Monday, August 22, 2011

Taj Mahal

Well, folks, we made it to India! Currently we are in Dharamshala, in the far northeast of the country.  Dharamshala is in the foothills of the Himalayas and is also the home-in-exile of His Holiness the 14th Dalai Lama. The Tibetans have an incredible community here, and the mingling of Hinduism and Buddhism is fascinating. Despite the Tibetan's brutal persecution by the Chinese government, they are a deeply kind and optimistic people. 

The Buddhist teaching of ahimsa, or non-harming, is manifest in daily life. Ahimsa applies to both physical violence but also to the violence of words and internal thoughts, which can be equally powerful and deleterious. Karen and I are volunteering with some of the Buddhist monks at a local community center by teaching English, and our time exchanging stories over momos with the men and women (!) is my favorite. 

We are hoping to attend a public teaching with the Dalai Lama when he returns here on the 28th. In the meantime, we are taking the yoga and meditation classes we have so eagerly anticipated. It is misty and peaceful here, which is fortuitous as I am recovering from a somewhat serious bout of food poisoning.

For now, I also wanted to share some shots of that most deservedly cliched icon, the Taj Mahal in Agra, in the very heart of the country. Below is a shot of the back of the Taj at sunset. I challenge you to find another monument this stunning from the back.

Now for the front view... The world most beautiful building has been described as a "teardrop on the face of eternity" by the poet Rabindranath Tagore. I got goosebumps when I first saw it, through the scalloped archway of the guard gate. Words really are useless here.

The Taj was built by the Mughal Emperor Shah Jahan in 1653 to mourn his third wife and great love, Mumtaz Mahal, who died giving birth to his 14th child. The greatest artists of the age were summoned from all over the world, from China to Europe to the Middle East. Unfortunately, the Shah was only able to see the finished masterpiece from his cell window in the Agra Fort across the river, put there by his third son who wanted the throne for himself.

The Shah described the Taj thus:

Should guilty seek asylum here,
Like one pardoned, he becomes free from sin.
Should a sinner make his way to this mansion,
All his past sins are to be washed away.
The sight of this mansion creates sorrowing sighs;
And the sun and the moon shed tears from their eyes.
In this world this edifice has been made;
To display thereby the creator's glory.

What do you think - do I blend in?

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Friday, August 12, 2011

Halong, or the Bay of Ten Thousand Islands

 Halong Bay's magical island landscape:

We sailed around, oogling the jagged rock formations and glorious sunsets. On the first day, we anchored just off a hidden lagoon and spent the afternoon jumping off the roof into the warm blue waters and frolicking about. The other members of our boat thought Karen and I were strange when we each set off swimming for some much-needed exercise. It felt great, though.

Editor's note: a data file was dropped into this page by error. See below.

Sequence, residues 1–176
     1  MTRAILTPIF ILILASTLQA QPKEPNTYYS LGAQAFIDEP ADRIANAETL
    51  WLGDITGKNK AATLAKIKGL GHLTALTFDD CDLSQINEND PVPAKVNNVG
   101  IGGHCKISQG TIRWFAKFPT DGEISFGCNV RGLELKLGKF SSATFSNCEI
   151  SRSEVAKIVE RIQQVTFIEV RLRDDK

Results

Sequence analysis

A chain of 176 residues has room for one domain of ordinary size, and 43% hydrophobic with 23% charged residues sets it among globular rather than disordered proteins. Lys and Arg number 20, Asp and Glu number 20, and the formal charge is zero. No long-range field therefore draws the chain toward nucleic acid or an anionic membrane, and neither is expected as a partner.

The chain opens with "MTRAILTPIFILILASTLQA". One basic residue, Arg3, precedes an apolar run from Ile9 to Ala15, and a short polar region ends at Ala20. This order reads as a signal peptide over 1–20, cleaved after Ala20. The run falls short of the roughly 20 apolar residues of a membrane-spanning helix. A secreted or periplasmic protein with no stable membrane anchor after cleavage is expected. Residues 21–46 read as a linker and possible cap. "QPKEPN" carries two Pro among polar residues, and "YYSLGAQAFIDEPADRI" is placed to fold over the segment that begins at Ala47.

In general it was a very relaxing trip, especially after the barely-controlled but exhilarating chaos of Hanoi. We also explored Cat Ba Island on bikes, and an immense cave system that went on forever, culminating in a giant cavern, complete with stalagtites and underground rivers, that could hold my high school's football stadium and then some.

If you are ever in Vietnam, I recommend a visit to Halong Bay. It a bit of a trek to get there, but worth it. It's also huge! You could sail for weeks and never see it all, if you were so inclined.
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Cu Chi Tunnels

Just outside of Saigon are the Cu Chi tunnels, a major hub of the Viet Cong's resistance against American forces. It was a very interesting place to visit. I learned a lot, and it was sobering to think of all the soldiers that fought and died among those very trees.

When we arrived, we were funneled into a movie theater and shown a very propagandized video explaining how the Americans came from so far away to bomb innocent villagepeople because they wanted the rich and fertile land around Cu Chi, a novel explanation for the Vietnam War.

We were then allowed to explore the grounds with our guide, who showed us (totally unrealistic) replicas of everyday wartime life of the Viet Cong soldiers...

As well as the endless variety of grousome booby traps laid in the ground to catch American soldiers.

At the end of the tour, we crawled through about 100 meters of the actual tunnels. Going down...

It kept getting smaller!

Walking while crouching is not the easiest thing in the world. My quads were burning and everyone was sweating. At one point we had to slide down an incline. People actually lived in this network of crawl spaces for weeks without once seeing daylight. And these have been enlarged multiple times to accommodate the fat foreigners! Difficult to imagine...

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Thursday, August 11, 2011

Angkor Wat 2: Ancient Hospitals, etc.

These carvings are 1000 years old, some of the best-preserved "apsaras" or dancing maidens, in Angkor. Apsaras, according to legend, danced naked and only for the King. Anyone else who looked at them immediately had his eyes put out.